These images were taken on the final day of the excavation season.
This test trench was dug at the westernmost end of trench 3 to confirm that there was no earlier occupation level under the Byzantine era dwelling.
This was the final extension to the trench and details such as thresholds, doorposts and a tannour (clay oven) were revealed.
This was the third extension to trench 3.
These pictures are taken some days after the last images and show the second extension to the trench, by which point it was clear that the trench was uncovering a street of terraced one room dwellings.
The trench overseen by the DGAM expanded rapidly and this is the first of a series of extensions that were added to the trench as it was extended to reveal a row of simple houses.
These pictures are of the northernmost trench opened and overseen by Yaarob Abdallah of the Directorate General of Antiquities and Museums (DGAM). The photographs record the first phase of his work.
These pictures were taken in December 1992 and show the Umayyad Mosque of Aleppo. The famous minaret of the mosque has since been destroyed in fighting during the Syrian civil war.
The Umayyad Mosque of Damascus is the earliest Islamic monument still extant after the Dome of the Rock in Jerusalem. As with the Dome of the Rock, the Mosque boasts a large volume of mosaic decoration of the highest quality that is believed to have been carried out by Byzantine artisans given the similarities of the technique and motifs with high-quality Byzantine commissions of the same era. The most notable difference is that there is a complete absence of figural imagery in the Islamic monuments. In the case of the Umayyad Mosque the decoration is particularly intriguing as it depicts a range of landscapes both urban and pastoral, all entirely without living creatures. This has led many commentators to argue that it represents a vision of paradise, with others arguing instead for an idealised representation of Damascus. Whether or not these interpretations are correct, the mosaicists appear familiar with Roman architecture, with porticoed late Roman villas appearing prominently in the decoration, meaning that the mosaics demonstrate a continuity with earlier artistic forms rather than a definitive break with the past. In many ways the decorative scheme is far more conservative than that of the Dome of the Rock, which predates is by over twenty years.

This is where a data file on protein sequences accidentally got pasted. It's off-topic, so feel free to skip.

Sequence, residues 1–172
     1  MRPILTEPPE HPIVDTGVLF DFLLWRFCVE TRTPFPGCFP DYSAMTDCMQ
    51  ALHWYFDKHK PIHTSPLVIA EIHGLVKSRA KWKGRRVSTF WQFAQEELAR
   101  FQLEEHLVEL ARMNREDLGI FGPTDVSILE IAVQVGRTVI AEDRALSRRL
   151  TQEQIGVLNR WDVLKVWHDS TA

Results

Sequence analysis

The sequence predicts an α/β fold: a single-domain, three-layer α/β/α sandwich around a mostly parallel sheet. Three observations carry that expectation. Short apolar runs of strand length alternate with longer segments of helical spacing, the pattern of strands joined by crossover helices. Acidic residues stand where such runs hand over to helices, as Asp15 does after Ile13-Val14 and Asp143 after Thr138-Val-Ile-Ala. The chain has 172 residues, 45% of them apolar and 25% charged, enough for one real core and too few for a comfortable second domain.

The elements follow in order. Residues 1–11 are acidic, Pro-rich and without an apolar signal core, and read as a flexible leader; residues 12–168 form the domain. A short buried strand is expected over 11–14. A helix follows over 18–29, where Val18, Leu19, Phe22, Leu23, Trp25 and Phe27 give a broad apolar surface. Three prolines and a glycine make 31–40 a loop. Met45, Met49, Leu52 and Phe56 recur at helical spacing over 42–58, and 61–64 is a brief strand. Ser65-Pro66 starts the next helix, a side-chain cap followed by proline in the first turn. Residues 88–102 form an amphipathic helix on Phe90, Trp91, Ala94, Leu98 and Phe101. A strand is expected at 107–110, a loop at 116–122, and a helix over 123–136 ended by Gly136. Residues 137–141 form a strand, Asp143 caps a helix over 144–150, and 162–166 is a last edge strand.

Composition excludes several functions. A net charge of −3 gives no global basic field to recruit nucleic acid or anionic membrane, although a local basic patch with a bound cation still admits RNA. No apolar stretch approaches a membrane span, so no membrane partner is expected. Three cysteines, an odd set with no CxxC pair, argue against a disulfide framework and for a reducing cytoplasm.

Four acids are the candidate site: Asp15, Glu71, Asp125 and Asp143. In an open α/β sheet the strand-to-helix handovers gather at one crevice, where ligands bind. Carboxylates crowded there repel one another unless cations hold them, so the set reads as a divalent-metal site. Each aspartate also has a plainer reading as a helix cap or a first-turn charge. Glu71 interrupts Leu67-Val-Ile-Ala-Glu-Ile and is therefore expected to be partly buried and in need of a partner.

Hawwarin was known as Evaria in late antiquity and is recorded as being the seat of two bishoprics. It appears to date from the Roman era as there is extensive evidence of Roman spolia in the Byzantine remains in the town. The local population talk of there having been seven basilicas in the settlement and evidence of three of these is still extant, although only one has been excavated thus far - by a Syrian team led by Wedad Khoury of the DGAM. The Roman dressed limestone blocks were carried to the site from some distance away as there are no quarries in the vicinity of the town and the modern dwellings are mud brick or cement. At the centre of the settlement is the mysterious "burj" or tower, which local people believe to have been part of an Umayyad hunting lodge, but which is built with Roman spoil and may well date from the Byzantine period as its nearest equivalent structure is the C6th stone tower at Qasr al-Hayr al-Gharbi. However, unlike the Qasr and neighbouring Khans/Caravanserai this tower has entrances to both the north and south rather than the single entrance that is the norm for such structures.